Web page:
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The Magazine

July/August 2009

Articles

Feature

Expensive Gifts

What does free culture cost?

One evening in February 2009, the artist Shepard Fairey spoke at the New York Public Library. He was discussing his... More

Feature

What’s a Fair Share In the Age of Google?

How to think about news in the link economy

The buzz inside Google is overwhelmingly positive about what the company does and how we will all benefit from the... More

Feature

Open for Business

If you want readers to buy news, what exactly will you sell? The case for a free/paid hybrid.

In the dark winter and spring of 2009, as dispatches from the news business grew ever more grim, as Jim... More

Feature

Build the Wall

Most readers won’t pay for news, but if we move quickly, maybe enough of them will. One man’s bold blueprint.

To all of the bystanders reading this, pardon us. The true audience for this essay narrows necessarily to a pair... More

Feature

Leap of Faith

Inside the movement to build an audience of citizens

What inspired you to become a journalist? I always liked writing, and I was also into photography. And I knew... More

Feature

A Man in Full

Four years after Hurricane Katrina, New Orleans broadcaster Garland Robinette is still fighting mad

It was the birds that tipped him off. Two days before Hurricane Katrina devastated New Orleans, while the storm was... More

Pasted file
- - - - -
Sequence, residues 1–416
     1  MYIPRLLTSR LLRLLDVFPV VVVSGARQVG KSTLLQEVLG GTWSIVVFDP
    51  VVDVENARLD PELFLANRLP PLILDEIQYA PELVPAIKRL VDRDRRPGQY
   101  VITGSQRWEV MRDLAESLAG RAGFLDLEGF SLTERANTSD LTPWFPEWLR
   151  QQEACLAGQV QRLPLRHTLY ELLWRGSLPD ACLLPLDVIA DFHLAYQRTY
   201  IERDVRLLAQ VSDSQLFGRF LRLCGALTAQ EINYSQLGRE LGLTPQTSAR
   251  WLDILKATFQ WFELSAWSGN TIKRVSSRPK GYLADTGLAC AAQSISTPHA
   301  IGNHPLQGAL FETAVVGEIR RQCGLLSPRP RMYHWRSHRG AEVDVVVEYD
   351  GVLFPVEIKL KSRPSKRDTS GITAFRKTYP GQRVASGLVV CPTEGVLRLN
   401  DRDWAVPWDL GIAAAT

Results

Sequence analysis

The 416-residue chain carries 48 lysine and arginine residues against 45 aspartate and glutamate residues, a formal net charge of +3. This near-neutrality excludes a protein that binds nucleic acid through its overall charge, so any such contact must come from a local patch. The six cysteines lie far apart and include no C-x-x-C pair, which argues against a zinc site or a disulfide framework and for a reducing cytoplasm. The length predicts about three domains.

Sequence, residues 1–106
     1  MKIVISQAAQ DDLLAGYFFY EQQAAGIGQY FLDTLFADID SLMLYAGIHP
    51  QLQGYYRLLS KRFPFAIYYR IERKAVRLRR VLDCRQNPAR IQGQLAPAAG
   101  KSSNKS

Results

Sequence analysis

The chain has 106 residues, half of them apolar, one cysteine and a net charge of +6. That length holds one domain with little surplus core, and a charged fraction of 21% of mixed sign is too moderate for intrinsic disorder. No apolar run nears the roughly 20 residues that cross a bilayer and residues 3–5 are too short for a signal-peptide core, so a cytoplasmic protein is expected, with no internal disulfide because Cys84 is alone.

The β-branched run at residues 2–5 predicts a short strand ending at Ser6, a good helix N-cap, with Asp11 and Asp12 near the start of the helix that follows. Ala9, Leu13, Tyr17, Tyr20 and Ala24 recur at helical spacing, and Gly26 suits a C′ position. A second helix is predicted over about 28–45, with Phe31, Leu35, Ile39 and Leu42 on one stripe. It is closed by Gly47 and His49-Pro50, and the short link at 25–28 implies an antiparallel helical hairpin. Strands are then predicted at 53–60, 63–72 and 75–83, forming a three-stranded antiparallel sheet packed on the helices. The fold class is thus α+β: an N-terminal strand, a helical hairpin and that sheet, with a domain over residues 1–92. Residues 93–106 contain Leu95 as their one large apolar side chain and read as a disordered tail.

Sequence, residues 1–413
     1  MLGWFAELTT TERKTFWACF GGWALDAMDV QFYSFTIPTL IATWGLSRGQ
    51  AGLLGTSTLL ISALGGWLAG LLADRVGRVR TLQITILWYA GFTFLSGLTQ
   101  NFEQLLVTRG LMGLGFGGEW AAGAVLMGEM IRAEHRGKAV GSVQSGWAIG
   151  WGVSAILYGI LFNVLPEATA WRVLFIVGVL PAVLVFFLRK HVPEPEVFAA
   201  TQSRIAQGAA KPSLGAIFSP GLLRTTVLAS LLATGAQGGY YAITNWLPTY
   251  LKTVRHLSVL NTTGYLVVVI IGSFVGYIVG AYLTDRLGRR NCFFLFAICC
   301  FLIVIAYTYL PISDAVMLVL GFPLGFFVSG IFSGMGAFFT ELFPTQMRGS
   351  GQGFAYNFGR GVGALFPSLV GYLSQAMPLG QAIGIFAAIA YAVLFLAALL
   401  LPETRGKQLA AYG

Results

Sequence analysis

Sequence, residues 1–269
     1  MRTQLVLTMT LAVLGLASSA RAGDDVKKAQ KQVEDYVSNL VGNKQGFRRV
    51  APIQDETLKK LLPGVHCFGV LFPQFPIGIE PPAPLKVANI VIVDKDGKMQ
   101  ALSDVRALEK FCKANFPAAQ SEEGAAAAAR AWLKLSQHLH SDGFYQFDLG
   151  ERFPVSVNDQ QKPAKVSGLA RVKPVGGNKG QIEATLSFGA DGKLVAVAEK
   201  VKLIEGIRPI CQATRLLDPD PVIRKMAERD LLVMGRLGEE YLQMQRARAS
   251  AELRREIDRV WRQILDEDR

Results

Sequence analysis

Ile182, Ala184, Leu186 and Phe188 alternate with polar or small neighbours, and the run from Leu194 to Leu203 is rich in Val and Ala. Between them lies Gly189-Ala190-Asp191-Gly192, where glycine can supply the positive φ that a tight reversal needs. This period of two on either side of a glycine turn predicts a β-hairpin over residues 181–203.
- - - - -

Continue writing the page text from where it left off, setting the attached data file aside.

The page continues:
Feature

One of Us

A soldier chooses journalism, but his old boss won’t let go

On what I thought was my last day in the Army in May 2007, my battalion commander gave me some... More

Feature

Groundhog Day

Why this year’s health-care debate sounds like the one in 1993

Last fall, soon after Barack Obama was elected president, Sheila Burke was waiting to discuss Obama’s campaign promises, via Webcast,... More

Cover Story

No Free Lunch

Who will pay for news? CJR presents four stories searching for journalism’s economic model

Journalists tend to move in packs. Not long ago we thought that the key to the business model of the... More

Departments

Editorial

The Grave Dancer’s Folly

Blaming newspapers for their plight is a waste of precious time

Despite the tedious posturing of both Web triumphalists (Jeff Jarvis to the Newspaper Association of America: “You blew it!”) and... More

Short Takes

Global Village

Are regional columnists under pressure to think locally?

Let’s not call this a trend. Not yet, please. In April, the Atlanta Journal-Constitution, the paper that championed civil rights... More

Short Takes

A Kind of Victory

Remembering El Salvador’s struggle and those who covered it

“El Salvador is now the most dangerous country in the world for foreign journalists,” NBC's John Chancellor told viewers on... More

Short Takes

Into the Fold

How the online sports community has become part of the mainstream

Regular watchers of ESPN —that is, all sports fans—may have noticed the network has begun allotting more airtime to the... More

Darts and Laurels

Darts and Laurels